By: Erin Freeman | Lynnwood Times

A peaceful protest at Lynnwood City Hall drew over 100 people pushing for legislative reform to influence racial justice, expressing themselves through poetry, speeches, and song.

The ‘Black Out Tuesday’ protest began outside the double door entryway of City Hall on the evening of July 7. Edmonds College student Josh Binda, 20, and fellow organizers practiced chants with the crowd in the parking lot, before leading them on a march throughout the Lynnwood Civic Campus and down 46th Street.

Reaching the end of a residential neighborhood coated in Black Lives Matter-themed chalk art, Binda asked everyone to get down on the ground for a moment of silence lasting 8 minutes and 46 seconds, the amount of time a Minneapolis police officer had his knee pressed to the neck of George Floyd, leading to his death.

“It gives a more personal experience to it,” explained Binda. “It gives you an understanding that that’s a long time to be on the floor, hands behind your back, with someone kneeling on your neck.”

Everybody lied down flat on their stomachs, with their cheeks pressed against the street and their hands behind them as if handcuffed.

Josh Binda and Jaden Sheffey stand in front of protestors laying on the street for eight minutes and 46 seconds. Lynnwood Times photo by Erin Freeman.

“Does this make you uncomfortable?” asked Jaden Sheffey, a fellow leader of the demonstration, to the protesters through a megaphone. “We know it’s not a comfortable state to be in and hope… you have a stronger perspective of what it was like for George Floyd and many others.”

Protests calling for an end to racial injustice and police brutality erupted nationwide in late May, following the murder of George Floyd, a Black Minneapolis man at the hands of a White police officer.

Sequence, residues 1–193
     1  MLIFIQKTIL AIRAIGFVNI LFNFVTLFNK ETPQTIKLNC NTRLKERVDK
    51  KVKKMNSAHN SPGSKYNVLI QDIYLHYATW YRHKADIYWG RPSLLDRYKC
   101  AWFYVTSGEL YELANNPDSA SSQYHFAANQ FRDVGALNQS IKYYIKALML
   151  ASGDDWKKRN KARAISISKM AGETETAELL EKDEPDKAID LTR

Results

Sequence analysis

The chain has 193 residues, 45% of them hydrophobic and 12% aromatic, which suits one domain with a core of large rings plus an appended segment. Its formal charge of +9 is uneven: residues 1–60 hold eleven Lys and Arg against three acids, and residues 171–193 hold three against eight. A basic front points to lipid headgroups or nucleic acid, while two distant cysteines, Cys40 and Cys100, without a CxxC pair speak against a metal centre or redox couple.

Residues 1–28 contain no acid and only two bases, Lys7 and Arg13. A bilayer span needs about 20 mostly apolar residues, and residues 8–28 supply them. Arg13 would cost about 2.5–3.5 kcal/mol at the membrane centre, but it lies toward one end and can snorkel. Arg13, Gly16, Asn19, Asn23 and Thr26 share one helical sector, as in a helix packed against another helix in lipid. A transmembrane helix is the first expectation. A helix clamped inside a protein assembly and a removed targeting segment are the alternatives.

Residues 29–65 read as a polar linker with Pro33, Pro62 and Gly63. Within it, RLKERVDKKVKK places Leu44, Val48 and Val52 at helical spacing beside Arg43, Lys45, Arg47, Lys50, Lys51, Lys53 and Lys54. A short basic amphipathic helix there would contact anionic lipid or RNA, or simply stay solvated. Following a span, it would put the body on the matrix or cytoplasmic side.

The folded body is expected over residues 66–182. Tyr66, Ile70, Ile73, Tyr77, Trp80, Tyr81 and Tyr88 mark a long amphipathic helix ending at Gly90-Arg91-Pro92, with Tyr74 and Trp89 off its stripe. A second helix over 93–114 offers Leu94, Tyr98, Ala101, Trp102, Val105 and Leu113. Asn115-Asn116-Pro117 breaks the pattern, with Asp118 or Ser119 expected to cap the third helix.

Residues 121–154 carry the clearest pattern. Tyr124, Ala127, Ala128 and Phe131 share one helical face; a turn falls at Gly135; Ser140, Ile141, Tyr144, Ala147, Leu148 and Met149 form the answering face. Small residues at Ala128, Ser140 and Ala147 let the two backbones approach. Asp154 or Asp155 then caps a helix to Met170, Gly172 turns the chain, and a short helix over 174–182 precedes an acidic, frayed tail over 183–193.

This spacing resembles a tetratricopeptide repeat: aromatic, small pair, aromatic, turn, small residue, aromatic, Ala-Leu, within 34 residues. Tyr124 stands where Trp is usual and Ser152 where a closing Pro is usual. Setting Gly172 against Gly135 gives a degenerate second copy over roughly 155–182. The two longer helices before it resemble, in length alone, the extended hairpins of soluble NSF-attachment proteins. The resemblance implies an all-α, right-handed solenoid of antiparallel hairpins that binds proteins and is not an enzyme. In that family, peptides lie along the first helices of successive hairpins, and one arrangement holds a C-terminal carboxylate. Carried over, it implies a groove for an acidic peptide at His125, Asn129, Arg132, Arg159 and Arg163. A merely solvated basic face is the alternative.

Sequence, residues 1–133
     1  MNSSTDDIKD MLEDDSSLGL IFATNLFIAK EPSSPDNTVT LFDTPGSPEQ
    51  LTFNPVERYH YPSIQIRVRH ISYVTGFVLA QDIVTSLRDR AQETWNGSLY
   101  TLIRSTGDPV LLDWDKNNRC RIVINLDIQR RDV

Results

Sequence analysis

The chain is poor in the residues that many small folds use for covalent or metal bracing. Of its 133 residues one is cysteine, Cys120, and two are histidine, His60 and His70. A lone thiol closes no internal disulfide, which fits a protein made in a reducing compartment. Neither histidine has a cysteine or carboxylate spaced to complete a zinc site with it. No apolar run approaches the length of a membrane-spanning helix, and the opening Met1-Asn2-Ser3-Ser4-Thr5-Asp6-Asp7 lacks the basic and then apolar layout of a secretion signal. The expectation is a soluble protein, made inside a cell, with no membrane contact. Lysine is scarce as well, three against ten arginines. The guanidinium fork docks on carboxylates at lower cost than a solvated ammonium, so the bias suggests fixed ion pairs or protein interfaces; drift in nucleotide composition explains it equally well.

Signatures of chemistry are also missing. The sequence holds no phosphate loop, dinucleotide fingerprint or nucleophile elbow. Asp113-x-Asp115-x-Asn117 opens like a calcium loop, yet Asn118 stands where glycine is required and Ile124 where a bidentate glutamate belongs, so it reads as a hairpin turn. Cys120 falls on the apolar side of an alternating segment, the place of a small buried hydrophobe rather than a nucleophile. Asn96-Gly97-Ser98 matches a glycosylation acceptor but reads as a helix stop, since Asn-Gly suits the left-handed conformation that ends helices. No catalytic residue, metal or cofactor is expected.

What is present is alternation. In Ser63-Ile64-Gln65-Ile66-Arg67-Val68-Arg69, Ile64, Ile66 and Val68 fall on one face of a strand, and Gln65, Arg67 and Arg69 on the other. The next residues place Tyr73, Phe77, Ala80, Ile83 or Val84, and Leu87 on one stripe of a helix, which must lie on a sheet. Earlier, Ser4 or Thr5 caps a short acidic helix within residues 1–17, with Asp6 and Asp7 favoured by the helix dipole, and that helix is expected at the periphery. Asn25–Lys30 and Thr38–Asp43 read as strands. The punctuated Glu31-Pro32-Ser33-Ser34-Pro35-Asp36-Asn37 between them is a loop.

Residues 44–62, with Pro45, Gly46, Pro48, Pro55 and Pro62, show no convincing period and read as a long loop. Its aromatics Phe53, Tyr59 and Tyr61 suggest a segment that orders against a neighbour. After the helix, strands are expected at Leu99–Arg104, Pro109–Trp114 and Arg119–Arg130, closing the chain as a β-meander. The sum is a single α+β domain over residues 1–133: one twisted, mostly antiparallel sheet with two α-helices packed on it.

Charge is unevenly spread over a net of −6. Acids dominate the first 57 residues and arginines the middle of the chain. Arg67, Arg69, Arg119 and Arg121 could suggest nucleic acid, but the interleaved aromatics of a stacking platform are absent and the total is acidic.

Since the beginning of June, Binda has been going city to city in Lynnwood’s surrounding community, coordinating with city officials and their law enforcement officers to organize protests. Tuesday evening marked his fifth demonstration.

“The city has been very open and very helpful in making this happen,” commented Binda on Lynnwood’s response.

Looping back to the civic campus, protesters were met by firefighters on the sideline of the route, who watched them march past the Lynnwood Fire Station.

Protestors march throughout the Lynnwood Civic Campus and down 46th Street.

When the crowd returned to City Hall, Lynnwood City Mayor Nicola Smith gave a speech encouraging the young adult attendees to strive to obtain roles in leadership positions to influence change moving forward.

“What’s important for you to do now is to get into the circle of influencers,” said Smith. “You need to get jobs on places with boards…you need to start working from the inside out. You’re all brilliant and we need you.”

To enact change in the city of Lynnwood, Binda hopes to join the Diversity, Equity, and Inclusion Commission and has plans to run for City Council. Mayor Smith encouraged others to do the same.

“Coming together as a community to take a stand has led to conversation and will bring about change,” stated Binda. “At some point, protesting is going to stop, and the real change is going to follow.”

In between protests, Binda has been working behind the scenes, working with elected officials on legislative reform. The college student studying aerospace engineering and political science recently wrote a bill to end qualified immunity protection for law enforcement officers if/when tried for murder. He will propose his bill to Roger Goodman, House Representative for the 45th district.

“It’s important to be involved. It’s empowering for the community, it brings people together, and helps bring awareness and education on how deeply embedded some racial issues are within our communities,” he said.

Speeches following the Mayor’s advocated for education reform and racial equity. Other activists performed songs and recited poetry for the crowd.

“Our many thanks to Josh, Jaden…for their efforts to bring this peaceful and powerful protest and march to our city!” said city spokesperson Julie Moore in an email. “We appreciate all of our community members that joined on Tuesday evening, and those supporting from home, as we work towards justice and peace for all. Our City is committed to being a safe, welcoming and equitable community for all people.”

Erin Freeman

I graduated from Washington State University in 2019 with a Bachelor of Arts in English with a specialization in rhetoric and professional writing. I also received a minor in political science. I joined the Lynnwood Times in February of 2020. To me, community newspapers affirm a sense of community by connecting people through the coverage of local stories and current events.

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